Allen's 'Ending' picked as film fest closer
SAN FRANCISCO — Previously announced, then withdrawn, now confirmed at last, Woody Allen’s “Hollywood Ending” will be screened as official closer to upcoming San Francisco Intl. Film Festival.
It’s an apt choice for a 45th program that is — as many anticipated from new executive director Roxanne Messina Captor — a little heavier on Hollywood flash than previously, but still reflects fest’s traditional global focus. Event runs April 18-May 2 at various S.F. locations.
World-preeming here before its out-of-competition slot at Cannes, “Hollywood Ending” replaces another DreamWorks title, animated feature “Spirit: Stallion of the Cimarron,” which had been announced as closer while the San Francisco fest was negotiating with the studio and Cannes over the Allen pic. (“Spirit” has now been dropped from San Francisco’s slate.)
“Hollywood Ending” stars the writer-helmer as a onetime superstar film director literally blinded by anxiety when he gets his first A-list assignment in years. Debra Messing, Tea Leoni, George Hamilton, Treat Williams and Tiffani Thiessen also figure in the cast; no word yet on who may be attending the May 2 bow.
Other highlights during the two-week event include award ceremonies and in-person tributes honoring Warren Beatty (April 25), Kevin Spacey (April 25), 1960s Latin American Cinema Novo movement progenitor Fernando Birri (April 28) and veteran film preservationist David Francis (May 1). Opening night selection on the 18th will be “Clockwatchers” helmer Jill Sprecher’s “Thirteen Conversations About One Thing,” an ensemble seriocomedy starring Matthew McConaughey, Clea Duvall, Alan Arkin and John Turturro; helmer will attend. Sidebars include a first time midnight-movie series and tribute to Pier Paolo Pasolini, the late Italian multihyphenate who would have been 80 this year.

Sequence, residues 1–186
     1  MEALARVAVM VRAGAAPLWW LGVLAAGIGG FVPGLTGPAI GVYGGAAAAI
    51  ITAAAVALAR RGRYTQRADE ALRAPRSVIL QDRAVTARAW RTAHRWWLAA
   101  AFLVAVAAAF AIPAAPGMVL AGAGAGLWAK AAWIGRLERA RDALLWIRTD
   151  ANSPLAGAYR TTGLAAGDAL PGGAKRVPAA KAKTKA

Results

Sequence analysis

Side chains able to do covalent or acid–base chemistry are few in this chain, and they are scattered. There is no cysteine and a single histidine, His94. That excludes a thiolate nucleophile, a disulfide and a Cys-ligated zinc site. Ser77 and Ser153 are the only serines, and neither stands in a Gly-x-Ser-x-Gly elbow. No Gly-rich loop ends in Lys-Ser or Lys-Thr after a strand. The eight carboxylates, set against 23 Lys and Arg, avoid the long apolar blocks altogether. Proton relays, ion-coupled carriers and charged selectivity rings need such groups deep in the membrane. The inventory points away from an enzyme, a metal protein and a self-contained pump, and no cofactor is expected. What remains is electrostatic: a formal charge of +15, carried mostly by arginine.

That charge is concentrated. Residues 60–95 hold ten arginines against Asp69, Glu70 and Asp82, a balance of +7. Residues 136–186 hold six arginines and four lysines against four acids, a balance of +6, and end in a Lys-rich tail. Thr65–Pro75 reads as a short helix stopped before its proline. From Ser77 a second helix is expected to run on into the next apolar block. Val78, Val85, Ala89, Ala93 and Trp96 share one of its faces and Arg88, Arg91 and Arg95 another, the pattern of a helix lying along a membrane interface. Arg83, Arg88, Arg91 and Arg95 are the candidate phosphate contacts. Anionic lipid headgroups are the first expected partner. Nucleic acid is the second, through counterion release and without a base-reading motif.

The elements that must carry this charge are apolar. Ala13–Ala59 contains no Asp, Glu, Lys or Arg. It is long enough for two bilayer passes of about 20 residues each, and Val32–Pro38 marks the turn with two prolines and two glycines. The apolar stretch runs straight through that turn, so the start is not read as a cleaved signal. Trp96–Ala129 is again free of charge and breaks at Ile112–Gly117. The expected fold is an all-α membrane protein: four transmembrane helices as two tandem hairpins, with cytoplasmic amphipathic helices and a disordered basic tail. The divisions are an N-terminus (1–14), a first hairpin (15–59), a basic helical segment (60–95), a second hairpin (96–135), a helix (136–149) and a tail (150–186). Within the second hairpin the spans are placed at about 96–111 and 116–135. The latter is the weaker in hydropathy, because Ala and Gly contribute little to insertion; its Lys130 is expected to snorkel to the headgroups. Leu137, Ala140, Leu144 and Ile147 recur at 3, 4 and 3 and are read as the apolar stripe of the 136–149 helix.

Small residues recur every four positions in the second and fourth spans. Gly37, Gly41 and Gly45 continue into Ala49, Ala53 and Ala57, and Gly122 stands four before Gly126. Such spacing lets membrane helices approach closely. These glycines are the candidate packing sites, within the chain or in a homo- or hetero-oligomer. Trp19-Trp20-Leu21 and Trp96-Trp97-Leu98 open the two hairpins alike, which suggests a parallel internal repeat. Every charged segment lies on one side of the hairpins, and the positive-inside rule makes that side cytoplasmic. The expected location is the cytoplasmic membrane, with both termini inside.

Local culture and international fest aficionados had been awaiting with bated breath the SFIFF sked, its first since longtime artistic director Peter Scarlet left for Paris to head the Cinematheque Francaise. Hired by fest’s board of directors, the hitherto L.A.-based Captor is a former dancer, TV executive, producer and onetime feature director (1999’s “Her Married Lover”) with no prior festival administrative or programming experience.
Feathers were further ruffled when virtually all the S.F. org’s veteran programmers left one by one, eventually replaced by new hires from elsewhere on the U.S. fest circuit. (Among departed staff, Rachel Rosen — locally favored to succeed Scarlet — now heads the Los Angeles Film Festival, while Brian Gordon took the same post at the Nashville Independent Film Festival.) Perhaps in reaction to those bad vibes, an unusually tight lid was kept on the fest’s 2002 program until the opening news conference approached.
Current sked is not wildly different from those of the recent past, apart from a shift from Scarlet’s usual Francophilic slant toward more Latin American and Asian titles, plus somewhat greater dependence on features already well traveled on the fest circuit. World premieres are down to two (beyond “Hollywood Ending,” only Iranian helmer Nasser Saffarian’s “The Mirror of the Soul”), but then preems have been steadily decreasing in the SFIFF mix for several years.